Dick Hustvedt

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Richard "Dick" Irvin Hustvedt (February 18, 1946 – April 15, 2008) was a renowned software engineer, designer and developer of several operating systems including Digital Equipment Corporation's RSX-11, and VMS.

Personal history[edit]

Hustvedt was born in Aberdeen, South Dakota and grew up in Radcliff, Kentucky, home of Fort Knox. He attended the University of California, Berkeley studying computer science and was later employed by the Army Security Agency. Following the ASA, Dick worked for the Xerox Corporation on the development of operating systems for their Data Systems division (Xerox DSD Development Programming in El Segundo, California), and was a principal kernel developer of the Xerox Data Systems (XDS) RAD-75, RBM-1 and CP-V operating systems.

He was recruited by Ken Olsen to join Digital Equipment Corporation (DEC) in 1974. He moved from Los Angeles, California to Concord, Massachusetts where he worked at the company headquarters at "The Mill" in Maynard, Massachusetts.

Married to Audrey R. Reith in 1976. Father of sons Eric Hustvedt (1978) and Marc Hustvedt (1979).

On January 13, 1984, he suffered a severe head injury in an automobile accident in Acton, Massachusetts. He resided in New Hampshire at the time of his death on April 15, 2008.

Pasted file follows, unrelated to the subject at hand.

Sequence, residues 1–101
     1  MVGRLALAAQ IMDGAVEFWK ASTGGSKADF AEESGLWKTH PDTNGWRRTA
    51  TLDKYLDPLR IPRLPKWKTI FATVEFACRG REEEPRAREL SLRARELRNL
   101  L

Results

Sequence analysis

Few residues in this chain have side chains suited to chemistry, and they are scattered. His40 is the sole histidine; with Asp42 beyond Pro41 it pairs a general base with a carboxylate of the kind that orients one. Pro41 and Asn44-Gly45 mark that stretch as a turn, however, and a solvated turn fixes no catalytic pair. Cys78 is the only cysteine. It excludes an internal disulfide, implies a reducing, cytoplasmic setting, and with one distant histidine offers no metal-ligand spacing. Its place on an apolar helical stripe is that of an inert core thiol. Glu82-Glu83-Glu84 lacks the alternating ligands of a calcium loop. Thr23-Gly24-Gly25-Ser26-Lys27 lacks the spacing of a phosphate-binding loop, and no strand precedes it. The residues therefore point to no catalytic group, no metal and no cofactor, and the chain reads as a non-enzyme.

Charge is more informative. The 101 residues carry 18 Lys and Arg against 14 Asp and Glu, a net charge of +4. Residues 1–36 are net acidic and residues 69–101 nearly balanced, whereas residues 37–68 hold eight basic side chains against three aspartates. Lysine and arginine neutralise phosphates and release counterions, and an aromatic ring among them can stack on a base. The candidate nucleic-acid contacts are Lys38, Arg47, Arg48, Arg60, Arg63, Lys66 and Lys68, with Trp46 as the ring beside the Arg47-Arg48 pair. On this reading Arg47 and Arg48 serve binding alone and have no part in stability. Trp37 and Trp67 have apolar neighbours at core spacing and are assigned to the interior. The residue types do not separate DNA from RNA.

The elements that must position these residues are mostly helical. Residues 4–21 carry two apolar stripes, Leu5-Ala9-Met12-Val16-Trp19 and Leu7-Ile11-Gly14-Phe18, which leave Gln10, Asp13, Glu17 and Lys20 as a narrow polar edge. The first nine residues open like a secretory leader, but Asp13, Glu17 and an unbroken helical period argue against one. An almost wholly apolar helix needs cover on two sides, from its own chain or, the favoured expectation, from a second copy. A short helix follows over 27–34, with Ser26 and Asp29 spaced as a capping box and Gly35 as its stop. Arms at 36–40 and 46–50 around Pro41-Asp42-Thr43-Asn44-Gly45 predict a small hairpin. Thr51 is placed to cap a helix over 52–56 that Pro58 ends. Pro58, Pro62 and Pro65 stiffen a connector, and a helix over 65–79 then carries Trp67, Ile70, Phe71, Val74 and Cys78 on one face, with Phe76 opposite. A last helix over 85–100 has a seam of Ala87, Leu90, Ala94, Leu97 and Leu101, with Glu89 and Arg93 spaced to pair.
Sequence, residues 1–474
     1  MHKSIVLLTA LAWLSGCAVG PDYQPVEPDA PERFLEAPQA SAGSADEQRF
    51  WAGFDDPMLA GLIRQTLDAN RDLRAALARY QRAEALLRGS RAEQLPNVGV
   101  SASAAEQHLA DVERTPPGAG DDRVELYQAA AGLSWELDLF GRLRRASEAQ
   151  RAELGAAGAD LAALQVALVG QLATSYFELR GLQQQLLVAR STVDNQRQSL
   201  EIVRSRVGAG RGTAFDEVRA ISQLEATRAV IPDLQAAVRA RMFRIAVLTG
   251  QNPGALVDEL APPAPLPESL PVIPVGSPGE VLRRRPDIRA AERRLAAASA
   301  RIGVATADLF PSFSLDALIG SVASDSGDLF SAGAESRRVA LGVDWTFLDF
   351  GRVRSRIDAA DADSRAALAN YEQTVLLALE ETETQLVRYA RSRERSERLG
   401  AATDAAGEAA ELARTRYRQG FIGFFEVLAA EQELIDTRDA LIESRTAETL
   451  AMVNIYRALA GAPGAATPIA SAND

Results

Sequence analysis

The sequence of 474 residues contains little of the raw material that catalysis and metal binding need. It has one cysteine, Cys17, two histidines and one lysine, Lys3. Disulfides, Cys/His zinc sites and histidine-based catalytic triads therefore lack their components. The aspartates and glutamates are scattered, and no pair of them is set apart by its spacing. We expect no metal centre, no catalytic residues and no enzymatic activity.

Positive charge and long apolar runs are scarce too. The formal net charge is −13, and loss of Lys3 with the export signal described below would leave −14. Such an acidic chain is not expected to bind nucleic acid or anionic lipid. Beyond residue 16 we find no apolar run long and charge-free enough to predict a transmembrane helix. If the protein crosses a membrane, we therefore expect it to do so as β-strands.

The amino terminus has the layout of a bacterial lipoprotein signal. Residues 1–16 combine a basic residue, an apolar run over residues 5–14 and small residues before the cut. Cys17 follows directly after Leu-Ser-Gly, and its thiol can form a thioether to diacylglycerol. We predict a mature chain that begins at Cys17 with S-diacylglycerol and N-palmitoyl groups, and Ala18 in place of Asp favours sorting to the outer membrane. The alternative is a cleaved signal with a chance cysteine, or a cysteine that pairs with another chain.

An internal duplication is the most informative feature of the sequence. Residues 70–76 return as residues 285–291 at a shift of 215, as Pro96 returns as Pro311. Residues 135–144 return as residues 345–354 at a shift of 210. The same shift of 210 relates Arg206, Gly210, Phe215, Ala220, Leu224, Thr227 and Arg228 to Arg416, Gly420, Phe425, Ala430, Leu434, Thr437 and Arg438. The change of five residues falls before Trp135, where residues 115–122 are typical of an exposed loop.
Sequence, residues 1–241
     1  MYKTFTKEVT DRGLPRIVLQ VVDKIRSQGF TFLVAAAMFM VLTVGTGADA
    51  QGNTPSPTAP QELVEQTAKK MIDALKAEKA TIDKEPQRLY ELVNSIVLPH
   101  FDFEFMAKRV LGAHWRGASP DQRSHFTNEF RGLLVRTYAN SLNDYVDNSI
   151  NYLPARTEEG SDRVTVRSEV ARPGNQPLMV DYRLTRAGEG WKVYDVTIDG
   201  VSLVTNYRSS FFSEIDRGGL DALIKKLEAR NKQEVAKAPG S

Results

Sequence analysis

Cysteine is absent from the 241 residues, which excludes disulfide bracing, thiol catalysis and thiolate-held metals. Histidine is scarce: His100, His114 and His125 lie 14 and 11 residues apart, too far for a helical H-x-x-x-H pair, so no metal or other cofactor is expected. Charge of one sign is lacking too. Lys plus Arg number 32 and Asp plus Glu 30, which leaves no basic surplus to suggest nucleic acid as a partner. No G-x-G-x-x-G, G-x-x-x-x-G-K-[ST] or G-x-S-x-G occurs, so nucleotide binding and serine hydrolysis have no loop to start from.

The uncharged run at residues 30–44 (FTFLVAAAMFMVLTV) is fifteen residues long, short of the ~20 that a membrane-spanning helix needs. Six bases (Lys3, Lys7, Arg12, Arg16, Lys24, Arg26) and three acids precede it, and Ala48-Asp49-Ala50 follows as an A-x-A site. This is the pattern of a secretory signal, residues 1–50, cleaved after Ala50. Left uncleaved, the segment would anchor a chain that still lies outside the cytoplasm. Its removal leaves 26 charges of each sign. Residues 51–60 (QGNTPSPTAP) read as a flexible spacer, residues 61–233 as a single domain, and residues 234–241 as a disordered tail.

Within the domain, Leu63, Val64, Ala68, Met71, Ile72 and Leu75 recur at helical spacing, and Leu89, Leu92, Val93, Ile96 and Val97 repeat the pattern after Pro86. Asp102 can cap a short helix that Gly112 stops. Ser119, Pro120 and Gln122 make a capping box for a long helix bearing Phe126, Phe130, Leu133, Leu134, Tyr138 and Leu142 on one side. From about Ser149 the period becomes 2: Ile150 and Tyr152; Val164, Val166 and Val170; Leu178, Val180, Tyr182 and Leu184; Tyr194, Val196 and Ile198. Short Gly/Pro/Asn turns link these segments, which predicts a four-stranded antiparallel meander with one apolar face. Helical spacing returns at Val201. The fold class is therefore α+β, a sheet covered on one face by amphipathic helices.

The OpenVMS development team, now part of Hewlett-Packard, named a conference room in his honor in Nashua, New Hampshire facility.


Dick Hustvedt was one of the three principal designers of VMS, along with Dave Cutler and Peter Lipman. VMS was first conceived in 1976 as the operating system for the 32-bit, virtual memory line of computers eventually named VAX. Version V1.0 shipped in 1978 and the VAX and VMS became flagship products for DEC. Hustvedt was also the driving force behind the development of DEC's VAXcluster, which was the first clustering system to achieve commercial success, and was a major selling point for VAX systems.

His sense of humor is behind the fact that the TIMEPROMPTWAIT variable in VMS is famously defined in "microfortnights".[1][2]


  1. ^ "microfortnight". Retrieved 2007-07-06. 
  2. ^ "HP OpenVMS System Management Utilities Reference Manual". Retrieved 2008-11-26. 
  • "Nothing Stops It: VAX OpenVMS at 20"
  • "DEC used by Digital itself:" PDP11 Processor Handbook (1973): page 8, "DEC, PDP, UNIBUS are registered trademarks of Digital Equipment Corporation;" page 1-4, "Digital Equipment Corporation (DEC) designs and manufacturers many of the peripheral devices offered with PDP-11's. As a designer and manufacturer of peripherals, DEC can offer extremely reliable equipment... The LA30 DECwriter, a totally DEC-designed and built teleprinter, can serve as an alternative to the Teletype."
  • Edgar H. Schein, Peter S. DeLisi, Paul J. Kampas, and Michael M. Sonduck, DEC Is Dead, Long Live DEC: The Lasting Legacy of Digital Equipment Corporation (San Francisco: Barrett-Koehler, 2003), ISBN 1-57675-225-9.
  • "VAX-11" 1st Edition - Dick Hustvedt, 1975 [A19] - Stanford

External links[edit]